Look if you dare

LIFE AMONG WAGE-EARNERS 1880

To the men who work the docks, coal shovelers, hucksters, women who work for a day, sell newspapers at the ferries, or work in the factories, every child in the alley who does what one can for a penny from the time one could walk.

To the men at their clubs, to the women who shop, to those that dine without a thought of the cost.

Look if you dare
Look at the life of a wage-earner
Where life is lived
Simply
The needs so evident, the value of words not at all
Where
Action expresses the heart perfectly
The baby with brother or sister
Each dependent on the other
The child finds that in a morsel of bread weariness
A father or mother in words unspoken
Knows the sadness
And still make
Sacrifices
Their ease and their comfort and even their sleep
To provide a home
And what is more important
Love
To nourish the soul

Inspired by author Lillian William Betts, who wrote books and articles about life in the tenements at the turn of the 20th century. The Leaven in a Great City is one such book.

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In someone else’s shoes

In case you wish to complain about your work, listen to Mary Paul, and how she patiently took to her job and 12 hour days.

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For some the summer days were golden,  others had to work.

 

Mary Paul grew up in tiny Woodstock and smaller still Barnard, Vermont. Mary described her father as “a man of great natural abilities,” who earned his living as a cobbler and farmer, but later on suffered from debilitating rheumatism.

One imagines that Mary’s early life was full of golden summer days.

In 1841, at the age of 11, her mother died and she and her brother were “put out” to earn their board, which was room and board and nothing else. In 1845, she left home for Lowell, Massachusetts and immediately found work in the textile mills, working alongside hundreds of other girls for two years.

Mary wrote home to her father describing work for the Lawrence Corporation, Mill No. 2 spinning room, and a day in the life of girl in the textile mills.

Dec. 21, 1845; Lowell, MA

Perhaps you would like something about our regulations, about going in and coming out of the mill. At 5 o’clock in the morning, the bell rings for folks to get up and get breakfast. At half past six it rings for the girls to get up and at seven they are called into the mill. At half past 12 we have dinner are called back again at one and stay till half past seven .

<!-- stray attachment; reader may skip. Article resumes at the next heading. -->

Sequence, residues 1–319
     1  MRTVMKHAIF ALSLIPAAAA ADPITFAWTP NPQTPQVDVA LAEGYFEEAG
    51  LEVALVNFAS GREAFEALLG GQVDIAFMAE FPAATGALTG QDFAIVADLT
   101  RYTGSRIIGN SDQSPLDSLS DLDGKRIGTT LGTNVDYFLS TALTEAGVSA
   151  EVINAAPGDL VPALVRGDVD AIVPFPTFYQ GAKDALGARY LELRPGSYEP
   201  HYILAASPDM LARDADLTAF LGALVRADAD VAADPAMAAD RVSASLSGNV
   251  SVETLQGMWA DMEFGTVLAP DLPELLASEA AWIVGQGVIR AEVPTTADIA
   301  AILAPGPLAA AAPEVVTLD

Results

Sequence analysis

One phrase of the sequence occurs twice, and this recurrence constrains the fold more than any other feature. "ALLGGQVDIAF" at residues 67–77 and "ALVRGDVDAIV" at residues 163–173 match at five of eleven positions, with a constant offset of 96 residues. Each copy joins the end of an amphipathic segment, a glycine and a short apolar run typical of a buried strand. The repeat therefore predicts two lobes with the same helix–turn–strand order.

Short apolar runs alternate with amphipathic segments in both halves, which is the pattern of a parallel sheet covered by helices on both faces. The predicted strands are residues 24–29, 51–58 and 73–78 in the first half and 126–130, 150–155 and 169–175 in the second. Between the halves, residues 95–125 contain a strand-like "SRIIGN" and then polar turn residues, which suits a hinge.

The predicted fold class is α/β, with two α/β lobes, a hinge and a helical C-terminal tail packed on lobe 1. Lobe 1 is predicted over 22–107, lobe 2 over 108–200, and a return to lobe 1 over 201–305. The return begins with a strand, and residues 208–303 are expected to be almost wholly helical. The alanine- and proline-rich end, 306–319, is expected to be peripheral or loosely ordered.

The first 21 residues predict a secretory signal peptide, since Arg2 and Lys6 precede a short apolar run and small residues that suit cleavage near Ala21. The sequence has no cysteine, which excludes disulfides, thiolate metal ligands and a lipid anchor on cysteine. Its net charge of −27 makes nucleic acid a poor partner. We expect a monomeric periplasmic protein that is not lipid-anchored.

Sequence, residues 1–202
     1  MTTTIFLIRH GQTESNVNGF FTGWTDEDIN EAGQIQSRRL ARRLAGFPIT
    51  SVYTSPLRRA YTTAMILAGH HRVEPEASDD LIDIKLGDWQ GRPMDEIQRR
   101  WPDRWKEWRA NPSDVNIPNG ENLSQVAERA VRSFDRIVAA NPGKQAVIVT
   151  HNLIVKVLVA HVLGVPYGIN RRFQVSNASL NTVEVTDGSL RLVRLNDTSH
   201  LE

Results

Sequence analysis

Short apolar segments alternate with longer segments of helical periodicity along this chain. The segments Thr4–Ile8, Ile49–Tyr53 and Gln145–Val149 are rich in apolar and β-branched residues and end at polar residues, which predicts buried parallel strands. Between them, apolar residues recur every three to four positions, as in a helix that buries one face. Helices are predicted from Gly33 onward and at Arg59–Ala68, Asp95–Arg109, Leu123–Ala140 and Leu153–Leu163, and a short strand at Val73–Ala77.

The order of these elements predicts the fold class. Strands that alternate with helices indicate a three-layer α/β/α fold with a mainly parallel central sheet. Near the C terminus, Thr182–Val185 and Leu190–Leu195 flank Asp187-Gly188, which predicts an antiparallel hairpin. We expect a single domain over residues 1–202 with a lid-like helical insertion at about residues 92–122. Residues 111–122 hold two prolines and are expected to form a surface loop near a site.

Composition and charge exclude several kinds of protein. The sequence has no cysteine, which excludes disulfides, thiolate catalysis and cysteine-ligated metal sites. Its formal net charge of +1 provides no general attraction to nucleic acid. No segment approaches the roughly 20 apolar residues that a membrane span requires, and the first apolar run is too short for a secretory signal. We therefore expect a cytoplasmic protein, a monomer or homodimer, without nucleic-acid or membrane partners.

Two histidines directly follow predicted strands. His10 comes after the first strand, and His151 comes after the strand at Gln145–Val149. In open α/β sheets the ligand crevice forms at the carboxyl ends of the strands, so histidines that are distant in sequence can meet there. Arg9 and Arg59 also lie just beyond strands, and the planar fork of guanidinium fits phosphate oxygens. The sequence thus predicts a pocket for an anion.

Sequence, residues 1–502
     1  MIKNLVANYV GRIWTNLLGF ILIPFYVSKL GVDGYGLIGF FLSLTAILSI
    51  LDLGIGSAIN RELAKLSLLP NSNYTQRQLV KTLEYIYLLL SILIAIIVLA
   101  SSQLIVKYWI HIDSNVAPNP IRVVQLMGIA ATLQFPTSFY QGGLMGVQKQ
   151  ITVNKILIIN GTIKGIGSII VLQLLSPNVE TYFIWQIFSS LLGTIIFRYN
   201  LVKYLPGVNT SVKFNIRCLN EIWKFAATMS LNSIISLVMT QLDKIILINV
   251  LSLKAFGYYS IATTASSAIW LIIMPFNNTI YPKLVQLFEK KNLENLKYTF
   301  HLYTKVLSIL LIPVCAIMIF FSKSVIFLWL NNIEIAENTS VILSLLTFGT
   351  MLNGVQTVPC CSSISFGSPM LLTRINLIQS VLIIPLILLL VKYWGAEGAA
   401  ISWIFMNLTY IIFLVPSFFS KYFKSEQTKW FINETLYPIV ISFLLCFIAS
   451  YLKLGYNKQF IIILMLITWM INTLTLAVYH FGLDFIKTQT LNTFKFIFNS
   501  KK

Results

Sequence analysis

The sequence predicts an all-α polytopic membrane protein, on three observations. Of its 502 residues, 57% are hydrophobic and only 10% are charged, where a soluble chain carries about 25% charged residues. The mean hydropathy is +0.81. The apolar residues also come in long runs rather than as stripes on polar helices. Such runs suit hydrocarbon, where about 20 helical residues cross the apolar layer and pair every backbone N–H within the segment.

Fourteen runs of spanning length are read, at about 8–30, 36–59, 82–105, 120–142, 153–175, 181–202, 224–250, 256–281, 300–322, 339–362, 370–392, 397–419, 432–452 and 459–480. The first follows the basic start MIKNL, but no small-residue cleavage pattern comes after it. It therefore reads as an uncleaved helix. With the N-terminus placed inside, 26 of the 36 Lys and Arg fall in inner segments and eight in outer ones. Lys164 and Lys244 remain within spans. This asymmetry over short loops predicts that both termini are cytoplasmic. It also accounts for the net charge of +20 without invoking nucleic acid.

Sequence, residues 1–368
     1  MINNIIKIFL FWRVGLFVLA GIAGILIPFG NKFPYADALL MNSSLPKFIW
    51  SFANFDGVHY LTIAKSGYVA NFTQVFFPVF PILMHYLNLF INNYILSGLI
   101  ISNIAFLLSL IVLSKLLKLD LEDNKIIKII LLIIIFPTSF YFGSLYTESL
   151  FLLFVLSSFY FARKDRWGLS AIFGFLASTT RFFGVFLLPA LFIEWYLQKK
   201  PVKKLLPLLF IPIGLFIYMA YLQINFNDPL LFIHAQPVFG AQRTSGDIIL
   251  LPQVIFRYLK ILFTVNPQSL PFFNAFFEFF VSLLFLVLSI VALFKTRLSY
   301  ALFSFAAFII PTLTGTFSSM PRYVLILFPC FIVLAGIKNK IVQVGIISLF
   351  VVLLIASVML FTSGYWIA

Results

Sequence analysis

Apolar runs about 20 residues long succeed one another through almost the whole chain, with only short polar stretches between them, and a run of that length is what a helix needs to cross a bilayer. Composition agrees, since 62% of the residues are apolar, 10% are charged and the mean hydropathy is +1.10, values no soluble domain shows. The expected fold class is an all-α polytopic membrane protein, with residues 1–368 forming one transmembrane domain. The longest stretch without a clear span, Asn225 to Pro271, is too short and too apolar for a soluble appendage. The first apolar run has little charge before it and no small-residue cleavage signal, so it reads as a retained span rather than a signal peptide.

I get along very well with my work. I can doff (strip carded fiber from a carding machine) as fast as any girl in our room. I think I shall have frames (tending the warp as the fiber is woven) before long. The usual time allowed for learning is six months but I think I shall have frames before I have been in three as long as I get along so fast.

I think that the factory is the best place for me and if any girl wants employment I advise them to come to Lowell.

Later, after Lowell, Mary would partner with another seamstress in Brattleboro, Vermont to make coats. In 1857, she married Isaac Guild, and, after living in an utopian community in New Jersey and working as a housekeeper in New Hampshire, the newlyweds moved to Lynn, Massachusetts, where Isaac worked in the marble industry and Mary raised two daughters.

Read more Vermont History

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Success

[In case you wondered, from time to time, I sell Stressless recliners and home furnishings on homefurnishers.com. It is a living, but not a life.]

It is said that to succeed one has to get up before the others, before the birds, before the sun, drink a cup of coffee, eat a piece of toast and an egg, put on your shoes and run, run just to keep in the same place, and run faster if you want to succeed.

Oh, but the trees, the mountains, and the lakes know better. They are always there  wordlessly, watching me, knowing there is a joy in the silence. Lessons are learned by listening, not just with the ears, but the eyes.

Life is meant to be enjoyed, Stresslessly.

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What a beautiful place to be, I thought, gazing around Kintla Lake. Calm, peaceful, serene, about as far north in Montana one could go without going over the border into Canada.

“Be mindful of the bears,” the park ranger said.

“Oh, I know,” I replied, “life is full of them.”

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Slumber wrapt

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To me in slumber wrapt, a dream divine, ambrosial night Morpheus conveyed to my lips by golden cup, more beautiful than Aurora’s light at dawn when the darkest night turns to the softest blue before the sky glows bright like a summer peach, I slumber still, in peace, with dreams more real than reality.

All fall down

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Do you miss those golden days of summer yet?
How we danced around the tree,
Thinking then,
It would never end,
Holding hands
Singing merrily,
Faster and faster
And as we did
The dog ran about,
Prancing to and fro,
Then I,
As leader of the group said,
All fall down!

Ah, but children grow older.